Today, U.S. Congressman Scott Peters (CA-52) voted against the Republican Healthcare repeal bill that would dismantle many of the protections of the Affordable Care Act, gut funding for Medicaid and Planned Parenthood, raise out-of-pocket costs for seniors and working families, and lead to 24 million fewer Americans having health insurance. The bill passed on a strictly partisan 217-213 vote. After the vote, Rep.
Representative Scott Peters Advocates For Women
Since coming to Congress, Scott Peters has prioritized the equality, health, and safety of women. He has advocated for these causes through legislation and urges other lawmakers to follow his example.
I. FIGHTING FOR EQUALITY AND ENSURING OPPORTUNITY
- The Paycheck Fairness Act, which strengthened the Equal Pay Act. He also wrote a letter to Speaker Boehner, urging House Leadership to bring the Paycheck Fairness Act to the floor for a vote.
- The Pregnant Workers Fairness Act, which ensured pregnant workers wouldn't be fired or denied reasonable accommodations at the workplace because of any physical limitations related to their pregnancy. He also signed an amicus brief with over 100 members of Congress to the Supreme Court in the case of Young v UPS.
- A resolution that recognized the significance of Equal Pay Day to illustrate the disparity between wages paid to men and women.
- A resolution that expressed 1) the full realization of the rights of women is vital to the development and well-being of people of all nations, and 2) the Senate should ratify the Convention on the Elimination of All Forms of Discrimination Against Women.
- Scott cosponsored a bill that would amend the Constitution to declare that any government discrimination based on sex is unconstitutional.
- Scott also cosponsored a resolution recognizing a Women’s Economic Bill of Rights. The Resolution supports equal pay for equal work, fair treatment in the workplace, access to paid family and medical leave for men and women, economic and retirement security, and women business owners' access to capital and federal contracts.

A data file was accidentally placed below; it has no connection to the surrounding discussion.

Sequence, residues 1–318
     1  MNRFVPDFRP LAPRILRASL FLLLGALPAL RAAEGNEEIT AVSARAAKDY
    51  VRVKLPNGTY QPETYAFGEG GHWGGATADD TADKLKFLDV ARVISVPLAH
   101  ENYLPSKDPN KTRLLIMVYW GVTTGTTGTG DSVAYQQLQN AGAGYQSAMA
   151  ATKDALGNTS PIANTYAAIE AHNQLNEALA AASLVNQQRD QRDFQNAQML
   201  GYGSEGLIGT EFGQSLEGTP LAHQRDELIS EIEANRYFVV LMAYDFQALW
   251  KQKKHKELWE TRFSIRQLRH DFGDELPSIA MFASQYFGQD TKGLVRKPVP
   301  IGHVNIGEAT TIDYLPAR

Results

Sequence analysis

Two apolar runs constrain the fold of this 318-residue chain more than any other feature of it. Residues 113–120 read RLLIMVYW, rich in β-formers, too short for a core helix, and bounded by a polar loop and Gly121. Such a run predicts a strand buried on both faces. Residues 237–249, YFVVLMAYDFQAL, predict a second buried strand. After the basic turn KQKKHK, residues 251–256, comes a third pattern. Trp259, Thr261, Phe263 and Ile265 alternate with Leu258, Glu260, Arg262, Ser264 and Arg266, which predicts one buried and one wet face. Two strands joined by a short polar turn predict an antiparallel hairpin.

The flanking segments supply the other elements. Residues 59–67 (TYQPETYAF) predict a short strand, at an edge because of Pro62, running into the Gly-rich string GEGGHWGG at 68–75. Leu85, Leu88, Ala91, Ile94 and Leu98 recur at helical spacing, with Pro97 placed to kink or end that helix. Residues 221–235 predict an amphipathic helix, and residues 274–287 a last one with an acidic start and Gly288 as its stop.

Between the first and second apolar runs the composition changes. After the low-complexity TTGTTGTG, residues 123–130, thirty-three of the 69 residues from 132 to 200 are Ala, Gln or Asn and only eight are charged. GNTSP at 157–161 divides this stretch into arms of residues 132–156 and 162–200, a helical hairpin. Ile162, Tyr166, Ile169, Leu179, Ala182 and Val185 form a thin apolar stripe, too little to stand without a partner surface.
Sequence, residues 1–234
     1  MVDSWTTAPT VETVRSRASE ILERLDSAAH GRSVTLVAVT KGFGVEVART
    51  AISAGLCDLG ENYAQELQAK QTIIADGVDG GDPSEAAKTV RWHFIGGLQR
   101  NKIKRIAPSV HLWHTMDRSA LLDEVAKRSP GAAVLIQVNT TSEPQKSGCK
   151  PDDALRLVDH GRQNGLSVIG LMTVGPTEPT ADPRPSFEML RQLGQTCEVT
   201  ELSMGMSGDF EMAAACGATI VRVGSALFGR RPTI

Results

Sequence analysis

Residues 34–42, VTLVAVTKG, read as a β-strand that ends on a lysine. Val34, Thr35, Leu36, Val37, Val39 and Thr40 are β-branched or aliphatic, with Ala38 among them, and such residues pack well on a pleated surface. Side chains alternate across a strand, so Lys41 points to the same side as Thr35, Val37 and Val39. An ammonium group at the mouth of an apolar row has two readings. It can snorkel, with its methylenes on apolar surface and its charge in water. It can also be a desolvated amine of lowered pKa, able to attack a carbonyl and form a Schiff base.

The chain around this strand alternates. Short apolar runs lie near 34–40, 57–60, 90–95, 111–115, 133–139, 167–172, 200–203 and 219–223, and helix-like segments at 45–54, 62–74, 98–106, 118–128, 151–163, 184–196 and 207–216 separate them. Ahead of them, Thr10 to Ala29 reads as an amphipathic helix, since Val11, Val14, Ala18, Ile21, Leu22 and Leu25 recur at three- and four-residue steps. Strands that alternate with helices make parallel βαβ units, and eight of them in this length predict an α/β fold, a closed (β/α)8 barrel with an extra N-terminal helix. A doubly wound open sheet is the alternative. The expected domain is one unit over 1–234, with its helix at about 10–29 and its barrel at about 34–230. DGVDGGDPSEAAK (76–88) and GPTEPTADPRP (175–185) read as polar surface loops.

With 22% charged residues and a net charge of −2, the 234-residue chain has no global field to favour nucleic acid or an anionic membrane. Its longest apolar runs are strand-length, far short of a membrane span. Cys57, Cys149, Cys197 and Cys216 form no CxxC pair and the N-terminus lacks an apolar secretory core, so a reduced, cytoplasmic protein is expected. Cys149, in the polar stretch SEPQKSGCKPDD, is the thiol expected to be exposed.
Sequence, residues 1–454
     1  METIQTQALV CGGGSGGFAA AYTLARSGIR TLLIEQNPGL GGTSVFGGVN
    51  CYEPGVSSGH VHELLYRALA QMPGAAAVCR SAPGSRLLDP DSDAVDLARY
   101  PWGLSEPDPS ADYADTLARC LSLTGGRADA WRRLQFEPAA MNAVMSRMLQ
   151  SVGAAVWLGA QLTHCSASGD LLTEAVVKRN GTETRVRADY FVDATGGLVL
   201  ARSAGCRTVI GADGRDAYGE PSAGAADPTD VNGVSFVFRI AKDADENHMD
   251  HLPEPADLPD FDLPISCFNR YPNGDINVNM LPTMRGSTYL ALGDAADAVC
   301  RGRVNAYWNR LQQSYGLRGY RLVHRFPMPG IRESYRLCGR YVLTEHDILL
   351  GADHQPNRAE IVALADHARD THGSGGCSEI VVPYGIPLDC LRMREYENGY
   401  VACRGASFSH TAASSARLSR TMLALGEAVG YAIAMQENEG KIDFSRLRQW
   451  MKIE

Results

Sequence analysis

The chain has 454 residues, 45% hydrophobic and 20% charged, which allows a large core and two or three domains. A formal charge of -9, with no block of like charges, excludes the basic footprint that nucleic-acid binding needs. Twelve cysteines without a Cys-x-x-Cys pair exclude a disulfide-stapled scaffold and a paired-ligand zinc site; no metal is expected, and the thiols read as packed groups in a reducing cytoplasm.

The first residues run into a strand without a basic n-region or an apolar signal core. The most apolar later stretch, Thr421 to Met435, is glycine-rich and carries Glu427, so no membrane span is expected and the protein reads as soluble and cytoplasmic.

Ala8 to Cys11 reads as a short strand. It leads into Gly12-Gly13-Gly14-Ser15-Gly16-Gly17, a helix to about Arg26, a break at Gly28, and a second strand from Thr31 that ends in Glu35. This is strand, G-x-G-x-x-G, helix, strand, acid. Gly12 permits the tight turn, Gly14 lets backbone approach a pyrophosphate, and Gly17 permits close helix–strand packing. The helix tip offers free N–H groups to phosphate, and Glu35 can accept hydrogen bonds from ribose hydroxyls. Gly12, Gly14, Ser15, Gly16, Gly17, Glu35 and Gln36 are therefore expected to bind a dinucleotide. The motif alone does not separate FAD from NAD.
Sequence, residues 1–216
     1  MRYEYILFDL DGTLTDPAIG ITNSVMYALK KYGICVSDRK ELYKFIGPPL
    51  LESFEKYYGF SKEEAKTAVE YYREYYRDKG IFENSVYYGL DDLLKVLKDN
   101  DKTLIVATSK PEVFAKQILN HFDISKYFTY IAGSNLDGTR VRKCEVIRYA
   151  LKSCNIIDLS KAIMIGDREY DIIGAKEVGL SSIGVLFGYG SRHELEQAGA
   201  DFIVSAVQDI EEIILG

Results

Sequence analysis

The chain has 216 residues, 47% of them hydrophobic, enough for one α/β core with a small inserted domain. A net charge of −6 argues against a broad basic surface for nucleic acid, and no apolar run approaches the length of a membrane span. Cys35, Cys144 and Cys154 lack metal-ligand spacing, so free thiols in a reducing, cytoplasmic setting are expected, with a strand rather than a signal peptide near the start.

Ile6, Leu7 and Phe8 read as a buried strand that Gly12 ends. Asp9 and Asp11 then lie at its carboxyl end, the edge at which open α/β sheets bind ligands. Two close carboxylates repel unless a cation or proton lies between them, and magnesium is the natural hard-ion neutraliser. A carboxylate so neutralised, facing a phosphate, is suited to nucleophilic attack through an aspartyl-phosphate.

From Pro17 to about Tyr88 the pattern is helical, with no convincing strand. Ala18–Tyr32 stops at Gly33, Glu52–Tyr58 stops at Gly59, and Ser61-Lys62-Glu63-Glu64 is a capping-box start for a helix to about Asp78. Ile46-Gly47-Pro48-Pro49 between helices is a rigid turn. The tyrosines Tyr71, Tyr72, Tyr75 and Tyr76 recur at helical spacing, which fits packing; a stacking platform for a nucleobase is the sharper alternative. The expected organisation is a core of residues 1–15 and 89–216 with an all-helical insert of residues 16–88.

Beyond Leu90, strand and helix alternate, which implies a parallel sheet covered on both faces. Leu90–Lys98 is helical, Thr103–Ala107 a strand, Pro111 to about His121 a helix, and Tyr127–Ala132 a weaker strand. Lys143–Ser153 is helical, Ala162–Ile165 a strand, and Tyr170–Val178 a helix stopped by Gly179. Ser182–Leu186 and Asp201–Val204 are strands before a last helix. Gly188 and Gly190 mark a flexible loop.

II. DEFENDING WOMEN’S HEALTHCARE AND REPRODUCTIVE RIGHTS
- The Access to Birth Control Act, which would ensure that pharmacies without the prescribed medication in stock must order it in a timely manner, refer the woman to another pharmacy that will fill the prescription, or transfer the prescription so that she can pick it up at a pharmacy confirmed to have the medication in stock. This act says that pharmacies cannot harass, intimidate, or deceive women, nor can they breach medical confidentiality, force women to wait, or refuse to return a prescription.
- The Preventative Health Awareness Campaign, which would provide for the planning and implementation of a national public outreach and education campaign to raise public awareness about women’s preventive health services.
- The Accelerating the End of Breast Cancer Act of 2013, which would direct the president to establish the Commission to Accelerate the End of Breast Cancer to help end breast cancer by January 1, 2020.
- The Global Sexual and Reproductive Health Act of 2013. This bill would promote sexual and reproductive health by (1) permanently repealing the Global Gag Rule; (2) reducing the incidence of unsafe abortion by providing support for safe abortion care as well as care for women who experience complications from unsafe abortion; (3) ensuring that sexual and reproductive health services are provided at every phase of humanitarian emergency, with special focus on the needs of victims of sexual violence; and (4) ensuring comprehensive sexuality education.
- The Women’s Health Protection Act of 2013, which would codify Roe v. Wade, preventing states from imposing burdensome restrictions on abortion providers or banning abortion prior to viability or if a doctor believes that continuing pregnancy would harm a woman’shealth, and establishing guidelines for judges reviewing the constitutionality of states’ laws.